The impact of passive shoulder exoskeletons during simulated aircraft manufacturing sealing tasks

No Thumbnail Available
Issue Date
2022-08-03
Embargo End Date
Authors
Jorgensen, Michael J.
Hakansson, Nils A.
Desai, Jaydip M.
Advisor
Citation

Jorgensen, M. J., Hakansson, N. A., & Desai, J. (2022). The impact of passive shoulder exoskeletons during simulated aircraft manufacturing sealing tasks. International Journal of Industrial Ergonomics, 91, 103337. https://doi.org/https://doi.org/10.1016/j.ergon.2022.103337

Abstract

Aircraft manufacturing involves an operation called sealing during which fuselage joints are sealed utilizing a sealant and smoothing tool, requiring motion of a worker's arms at heights below the elbow to overhead. The objective of this study was to assess the impact of shoulder exoskeletons on shoulder and torso muscle activation compared to no exoskeleton during simulated aircraft sealing tasks. Electromyographic signals from bilateral pairs of the anterior and medial deltoids, trapezius, latissimus dorsi, triceps, biceps, and erector spinae were collected from 16 aircraft workers as they performed simulated horizontal and vertical sealing tasks at heights ranging from chest level to above head level while wearing three different passive shoulder exoskeletons and a no-exoskeleton condition. Normalized electromyographic signals were assessed by two-way within-subjects ANOVAs and post-hoc tests. Exoskeletons consistently significantly reduced normalized EMG for the anterior deltoid and medial deltoid muscles at both horizontal sealing heights and during vertical sealing motions, with greater reduction in normalized EMG realized at higher vertical heights. While these laboratory results are encouraging, these exoskeletons must be evaluated in worksite studies to better assess their efficacy. Relevance to Industry: Passive exoskeletons are receiving increased interest as potential interventions to reduce muscular loading and work-related musculoskeletal disorders. The findings from this study on multiple passive shoulder exoskeletons highlights the impact on shoulder and torso muscles during simulated aircraft manufacturing sealing tasks. These results must be considered in context with other factors that may also impact effectiveness of passive exoskeletons including other task locations, comfort from wearing exoskeletons for extended periods, environmental conditions, hygiene, among other considerations.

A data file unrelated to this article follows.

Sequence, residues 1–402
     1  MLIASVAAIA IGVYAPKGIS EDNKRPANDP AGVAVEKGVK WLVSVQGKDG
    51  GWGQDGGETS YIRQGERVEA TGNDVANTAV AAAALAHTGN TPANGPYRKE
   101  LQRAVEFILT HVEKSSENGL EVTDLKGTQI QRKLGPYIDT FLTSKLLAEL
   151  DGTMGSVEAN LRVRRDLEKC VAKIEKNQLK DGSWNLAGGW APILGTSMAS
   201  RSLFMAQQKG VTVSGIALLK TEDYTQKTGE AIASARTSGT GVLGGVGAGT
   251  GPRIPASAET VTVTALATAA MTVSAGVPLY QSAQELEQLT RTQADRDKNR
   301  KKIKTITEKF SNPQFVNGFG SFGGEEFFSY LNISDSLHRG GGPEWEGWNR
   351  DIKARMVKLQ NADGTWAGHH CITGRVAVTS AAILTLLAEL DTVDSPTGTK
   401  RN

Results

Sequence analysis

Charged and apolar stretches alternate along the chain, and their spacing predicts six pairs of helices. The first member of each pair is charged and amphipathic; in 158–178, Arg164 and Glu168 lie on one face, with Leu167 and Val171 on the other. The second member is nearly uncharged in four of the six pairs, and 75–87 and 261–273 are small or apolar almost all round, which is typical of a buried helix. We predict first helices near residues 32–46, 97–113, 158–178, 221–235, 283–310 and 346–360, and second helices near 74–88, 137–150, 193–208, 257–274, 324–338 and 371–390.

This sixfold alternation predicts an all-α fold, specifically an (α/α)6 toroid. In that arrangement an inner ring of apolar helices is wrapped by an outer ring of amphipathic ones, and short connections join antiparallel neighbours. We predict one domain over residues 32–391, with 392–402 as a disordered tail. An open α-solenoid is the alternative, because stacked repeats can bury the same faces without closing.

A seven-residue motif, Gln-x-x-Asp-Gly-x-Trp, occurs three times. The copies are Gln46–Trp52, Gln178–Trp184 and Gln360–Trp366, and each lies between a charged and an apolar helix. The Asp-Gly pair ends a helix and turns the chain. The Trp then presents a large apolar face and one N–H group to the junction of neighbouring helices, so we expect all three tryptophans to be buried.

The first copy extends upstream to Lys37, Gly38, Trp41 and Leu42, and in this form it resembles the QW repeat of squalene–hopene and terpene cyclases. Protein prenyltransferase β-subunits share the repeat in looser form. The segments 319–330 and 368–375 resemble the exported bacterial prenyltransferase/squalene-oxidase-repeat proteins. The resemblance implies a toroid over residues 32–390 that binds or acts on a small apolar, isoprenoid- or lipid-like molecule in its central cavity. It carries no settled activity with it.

Table of Content
Description
Click on the DOI to access this article (may not be free).
publication.page.dc.relation.uri
DOI